“It’s the questions about the motivations and impacts that are really widespread”
Comments made at the Universities Australia Higher Education Conference in Canberra highlighted a growing disconnect between what is understood of the Belt and Road Initiative as an infrastructure policy and its broader impacts on education.
“We kind of know what it is… but it’s the questions about the motivations of it and the impacts that are really widespread. No one seems to be able to agree,” said Jane Golley, acting director of the Australian Centre on China in the World.
Golley added there was still debate over the efficiency of BRI as well as its overall purpose, with some arguing it was being used for debt-trap diplomacy, but said HE providers needed to work to understand the potential impacts on exports, as there were both opportunities and risks.
“If BRI succeeds in economic terms… [it] should raise the demand for foreign students wanting to come and travel in Australia, including Chinese students.”
“If instead, it’s a malevolent strategy, with China seeking to shift global rules and institutions in ways that suit them but probably won’t suit us, I think we just have to prepare for difficult times ahead,” she warned.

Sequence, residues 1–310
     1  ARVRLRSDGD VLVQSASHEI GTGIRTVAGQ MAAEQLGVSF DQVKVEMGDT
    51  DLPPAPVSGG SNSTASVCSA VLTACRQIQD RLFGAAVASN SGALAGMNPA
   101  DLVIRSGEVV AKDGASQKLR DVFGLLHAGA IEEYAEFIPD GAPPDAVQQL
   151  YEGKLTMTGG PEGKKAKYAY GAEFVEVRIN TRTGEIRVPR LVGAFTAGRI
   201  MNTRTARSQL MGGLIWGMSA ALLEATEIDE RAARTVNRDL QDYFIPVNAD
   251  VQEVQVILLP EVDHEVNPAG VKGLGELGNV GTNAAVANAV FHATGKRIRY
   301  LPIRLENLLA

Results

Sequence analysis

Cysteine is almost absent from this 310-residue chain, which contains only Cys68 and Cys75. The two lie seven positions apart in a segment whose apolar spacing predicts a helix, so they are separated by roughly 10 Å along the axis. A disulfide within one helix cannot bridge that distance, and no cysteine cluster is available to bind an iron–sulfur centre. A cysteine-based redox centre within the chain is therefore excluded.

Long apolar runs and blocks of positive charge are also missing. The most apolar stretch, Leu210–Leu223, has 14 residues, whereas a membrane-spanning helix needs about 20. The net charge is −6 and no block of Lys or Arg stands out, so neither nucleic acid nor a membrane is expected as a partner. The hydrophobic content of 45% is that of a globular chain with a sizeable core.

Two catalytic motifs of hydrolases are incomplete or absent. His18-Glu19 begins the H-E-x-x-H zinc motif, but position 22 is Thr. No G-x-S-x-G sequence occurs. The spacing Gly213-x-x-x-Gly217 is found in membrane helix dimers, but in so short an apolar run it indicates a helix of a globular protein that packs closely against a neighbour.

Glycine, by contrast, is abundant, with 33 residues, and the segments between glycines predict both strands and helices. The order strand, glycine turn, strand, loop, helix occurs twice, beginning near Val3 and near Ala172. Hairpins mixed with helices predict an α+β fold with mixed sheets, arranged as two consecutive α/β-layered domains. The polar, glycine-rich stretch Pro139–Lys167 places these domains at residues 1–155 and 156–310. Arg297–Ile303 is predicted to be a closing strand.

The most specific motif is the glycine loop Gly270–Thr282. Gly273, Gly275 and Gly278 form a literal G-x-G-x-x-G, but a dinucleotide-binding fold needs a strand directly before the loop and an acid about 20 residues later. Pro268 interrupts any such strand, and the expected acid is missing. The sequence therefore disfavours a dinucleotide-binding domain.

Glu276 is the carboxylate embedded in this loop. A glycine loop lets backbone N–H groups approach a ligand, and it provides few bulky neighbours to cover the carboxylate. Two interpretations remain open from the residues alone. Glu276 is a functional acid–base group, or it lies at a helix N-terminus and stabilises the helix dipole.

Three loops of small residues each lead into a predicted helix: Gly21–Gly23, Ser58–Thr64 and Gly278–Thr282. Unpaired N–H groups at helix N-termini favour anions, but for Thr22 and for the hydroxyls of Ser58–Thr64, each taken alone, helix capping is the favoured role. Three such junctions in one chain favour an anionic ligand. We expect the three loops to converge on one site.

The deteriorating relationship between the two countries could also impact how China chooses to engage with Australia through BRI, Golley cautioned.
“I really do see the education sector as being the perfect microcosm for understanding the choices that we’re facing on a grand scale about the China relationship and how those choices affect our future,” she said.
Deputy director of the Australia-China Relations Institute James Laurenceson agreed with Golley’s points, observing that while most reporting on the Belt and Road had been around its infrastructure initiatives, China itself viewed it in terms of “five different types of connectivity”.
“People-to-people links are one of the types of connectivity the Chinese government talks a lot about in the Belt and Road,” he pointed out.
“For example, the Chinese Ministry of Education has its own BRI plan, talking about how China wants to develop joint education, training and research programs.”
Among those initiatives, he pointed to more than three times the number of government scholarships offered to study in China compared to Australia last year.
“It’s not going to be a surprise if some of the students we used to win here in Australia now [stay] in China,” Laurenceson said.
China’s increasing links with Africa through its BRI are explored in the latest edition of The PIE Review.